Both the words and the life must edify the soul. Nothing could have more clearly emphasised this than the Mars Hill Church book scandal, in which the pastor used his congregation’s tithes to buy enough copies of his book to make the New York Times bestseller list. The ripples of outrage that spread from this promotional wheeze persuaded him that marketing at any moral cost is not the name of the game. Not that way, then; but, what?
Many Christian books are primarily characterized not by the eminence of their literature but by their value to the Christian community of the story they tell (though this doesn’t mean they are badly written) and by the credentials of the author in the field being addressed. So, for example, R.J. Berry’s book True Scientists, True Faith is immediately marketable as a distinguished and highly qualified spokesman addressing issues of importance to the church. Other books are the work of authors who are not primarily writers but have a big speaking ministry and a story to tell: Danielle Strickland’s book A Beautiful Mess would come into this category – much in demand on the Christian speaking circuit, audiences love her and queue up to hear her speak.
Building a profile – making a connection
But the author who is primarily and essentially a writer, whose books are sold on the basis of what they inherently are (rather than as a trustworthy voice on a contentious issue, or the story of a celebrated ministry) has to find a means of getting known and being read.
Good connections help here, of course. If there already exists a large and enthusiastic support base – say, if the pastor of a 3,000-strong church writes a first novel and persuades everyone to buy one copy to read and another to give away; well, bish-bosh, job done! Off to a good start.
But many writers are introverts, and even if they weren’t when they started, writing is a solitary occupation.
Some writers fund their early work – the inspirational writer Wayne Dyer comes to mind. He tells how he bought and distributed a great many copies of his first book, thus making the possibility of publishing a second viable, and priming the pump of his readership. But many writers have insufficient funds to cover such a cost.
Writers also seek speaking engagements and build a public profile that way; but that can conflict with the writing itself, especially for the fiction writer who must focus intensely, becoming absolutely engaged with and immersed in their fictional world, for a time at least.
Getting the right promotional strategy for you
For myself – a quiet, reclusive, introvert, taking the stereotype of ‘writer’ to an almost archetypal level – I have hit upon the strategy of promoting my writing through writing. I keep a presence on a social network, and I write a blog, Kindred of the Quiet Way. The blog is not an endless brag-fest about my achievements, reviews and forthcoming publications, but is a place where a gathered community of interesting people come to discuss life, the universe and everything.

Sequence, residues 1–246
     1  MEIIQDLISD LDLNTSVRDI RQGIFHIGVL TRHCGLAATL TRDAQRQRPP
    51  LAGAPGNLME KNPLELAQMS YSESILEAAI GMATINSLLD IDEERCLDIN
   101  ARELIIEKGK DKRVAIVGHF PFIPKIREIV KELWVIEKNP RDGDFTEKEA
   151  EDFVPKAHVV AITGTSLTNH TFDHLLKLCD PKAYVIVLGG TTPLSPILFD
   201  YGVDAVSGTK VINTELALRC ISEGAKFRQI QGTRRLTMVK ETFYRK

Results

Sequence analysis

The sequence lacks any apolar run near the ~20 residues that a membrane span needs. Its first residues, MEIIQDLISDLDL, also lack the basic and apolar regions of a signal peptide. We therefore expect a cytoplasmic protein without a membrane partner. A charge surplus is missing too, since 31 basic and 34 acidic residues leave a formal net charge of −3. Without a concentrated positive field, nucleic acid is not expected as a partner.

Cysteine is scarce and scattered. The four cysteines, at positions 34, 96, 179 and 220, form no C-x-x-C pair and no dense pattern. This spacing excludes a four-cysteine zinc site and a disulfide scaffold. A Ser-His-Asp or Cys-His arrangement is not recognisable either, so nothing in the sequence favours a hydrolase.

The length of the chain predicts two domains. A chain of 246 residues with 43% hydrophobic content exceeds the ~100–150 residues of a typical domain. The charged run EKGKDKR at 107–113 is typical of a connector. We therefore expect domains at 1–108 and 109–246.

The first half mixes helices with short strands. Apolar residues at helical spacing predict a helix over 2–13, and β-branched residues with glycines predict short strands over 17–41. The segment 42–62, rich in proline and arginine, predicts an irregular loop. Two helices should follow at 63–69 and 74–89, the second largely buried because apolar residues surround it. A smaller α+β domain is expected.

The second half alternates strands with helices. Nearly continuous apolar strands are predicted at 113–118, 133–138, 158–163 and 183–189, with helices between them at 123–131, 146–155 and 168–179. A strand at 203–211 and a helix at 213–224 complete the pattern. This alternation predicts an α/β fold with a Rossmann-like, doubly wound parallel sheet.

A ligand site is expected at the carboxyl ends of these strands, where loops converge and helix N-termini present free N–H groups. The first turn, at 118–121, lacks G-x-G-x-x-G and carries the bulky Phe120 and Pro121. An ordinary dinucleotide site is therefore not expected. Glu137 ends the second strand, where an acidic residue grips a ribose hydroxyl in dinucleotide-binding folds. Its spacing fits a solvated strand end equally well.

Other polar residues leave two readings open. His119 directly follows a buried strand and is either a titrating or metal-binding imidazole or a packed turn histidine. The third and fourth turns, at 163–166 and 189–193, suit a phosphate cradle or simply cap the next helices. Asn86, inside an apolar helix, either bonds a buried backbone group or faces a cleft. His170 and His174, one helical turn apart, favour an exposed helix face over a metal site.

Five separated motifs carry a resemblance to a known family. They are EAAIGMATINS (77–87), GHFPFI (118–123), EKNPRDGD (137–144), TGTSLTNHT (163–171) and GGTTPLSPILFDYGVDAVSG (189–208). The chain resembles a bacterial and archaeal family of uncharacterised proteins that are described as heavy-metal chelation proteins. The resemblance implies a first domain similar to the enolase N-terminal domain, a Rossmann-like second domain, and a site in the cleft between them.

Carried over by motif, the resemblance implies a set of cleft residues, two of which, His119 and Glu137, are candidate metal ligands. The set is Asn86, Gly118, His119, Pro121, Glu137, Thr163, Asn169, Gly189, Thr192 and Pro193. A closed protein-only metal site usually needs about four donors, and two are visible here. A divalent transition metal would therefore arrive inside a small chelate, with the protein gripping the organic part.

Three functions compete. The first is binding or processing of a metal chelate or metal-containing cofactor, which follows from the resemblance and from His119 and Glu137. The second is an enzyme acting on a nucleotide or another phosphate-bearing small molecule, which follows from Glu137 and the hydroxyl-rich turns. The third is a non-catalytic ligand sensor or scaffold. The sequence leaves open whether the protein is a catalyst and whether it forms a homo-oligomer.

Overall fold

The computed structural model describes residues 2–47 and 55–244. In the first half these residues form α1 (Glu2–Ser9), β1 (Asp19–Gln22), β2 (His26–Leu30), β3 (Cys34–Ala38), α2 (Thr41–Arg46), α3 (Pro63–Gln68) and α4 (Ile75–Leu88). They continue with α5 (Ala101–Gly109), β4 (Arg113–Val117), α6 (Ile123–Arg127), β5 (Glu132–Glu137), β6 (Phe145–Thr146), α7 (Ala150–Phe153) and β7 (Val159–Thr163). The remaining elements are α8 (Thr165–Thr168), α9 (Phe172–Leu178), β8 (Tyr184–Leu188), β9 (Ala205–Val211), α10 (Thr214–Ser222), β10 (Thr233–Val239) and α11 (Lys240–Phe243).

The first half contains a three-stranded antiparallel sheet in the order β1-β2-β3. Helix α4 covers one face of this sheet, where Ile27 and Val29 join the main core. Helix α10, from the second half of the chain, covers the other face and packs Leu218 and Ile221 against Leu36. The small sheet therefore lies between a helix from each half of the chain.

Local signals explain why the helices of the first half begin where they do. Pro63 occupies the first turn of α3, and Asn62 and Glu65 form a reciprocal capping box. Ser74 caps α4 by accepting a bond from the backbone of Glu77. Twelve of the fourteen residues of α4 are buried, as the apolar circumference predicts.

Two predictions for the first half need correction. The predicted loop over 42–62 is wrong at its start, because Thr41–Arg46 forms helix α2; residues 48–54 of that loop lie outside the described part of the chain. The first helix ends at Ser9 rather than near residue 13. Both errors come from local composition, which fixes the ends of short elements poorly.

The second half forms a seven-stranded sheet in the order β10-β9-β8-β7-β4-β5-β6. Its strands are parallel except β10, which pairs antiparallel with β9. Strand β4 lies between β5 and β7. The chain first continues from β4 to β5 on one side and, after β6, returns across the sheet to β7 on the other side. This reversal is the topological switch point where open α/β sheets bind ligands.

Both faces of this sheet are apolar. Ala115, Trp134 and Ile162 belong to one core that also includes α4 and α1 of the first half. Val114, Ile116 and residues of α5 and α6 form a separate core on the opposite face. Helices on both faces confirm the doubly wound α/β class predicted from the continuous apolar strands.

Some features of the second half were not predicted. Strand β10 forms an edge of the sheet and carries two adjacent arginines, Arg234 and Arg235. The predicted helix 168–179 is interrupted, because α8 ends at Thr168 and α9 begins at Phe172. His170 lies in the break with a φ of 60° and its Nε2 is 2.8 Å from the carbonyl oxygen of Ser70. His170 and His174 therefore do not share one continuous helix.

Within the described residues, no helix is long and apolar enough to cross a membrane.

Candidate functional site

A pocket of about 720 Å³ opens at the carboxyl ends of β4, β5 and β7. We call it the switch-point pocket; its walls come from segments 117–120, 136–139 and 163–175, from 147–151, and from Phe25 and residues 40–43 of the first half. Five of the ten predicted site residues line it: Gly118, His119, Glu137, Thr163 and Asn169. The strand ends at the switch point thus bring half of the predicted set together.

All my wondering, my agonizing, my daily life, my delight, my terrors, my faith (and my doubt), my struggles and what fires my soul can be read there. In the side-bar, those who stop by can see the book-covers of my work. The good thing about this system is that those who love my books find their way to the blog (and so are
alerted to anything new I’ve written) and those who love my blog find their way to my books.
It does seem to be working well, and it satisfies the imperative I feel as a Christian writer, to ‘aim to live quietly, mind your own business and earn your own living’ (1 Thess.4:11 CEB).
For me, it starts with a core of stillness – a pool of upwelling life. That overflows into the writing, in turn overflowing into the blogging and social network presence. I do not lose focus, and it keeps, in the simplest sense, its own integrity. Crucially, the method of promotion I have chosen is all of a piece with the character and personality of my writing. This is important, because momentum is achieved when each aspect of one’s work feedsinto the other aspects, strengthening and building up the whole.
Energy and momentum are lost when there is no integrity (whether ideologically or structurally). The right promotional strategy must be worked out by the individual. It has to be a good personal fit or it will be unsustainable. It goes best when faith, life and work stay all of a piece.
Pen Wilcock writes Christian fiction, Christian lifestyle, pastoral theology and Bible study. Her published fiction includes The Hawk & the Dove series (moving from Crossway to Lion Fiction in 2015), and non-fiction includes Spiritual Care of Dying and Bereaved People (BRF), The Road of Blessing, In Celebration of Simplicity, 100 Stand-Alone Bible Studies (all Monarch) and Learning To Let Go (Lion).
February 17th, 2015 - Posted & Written by Together Magazine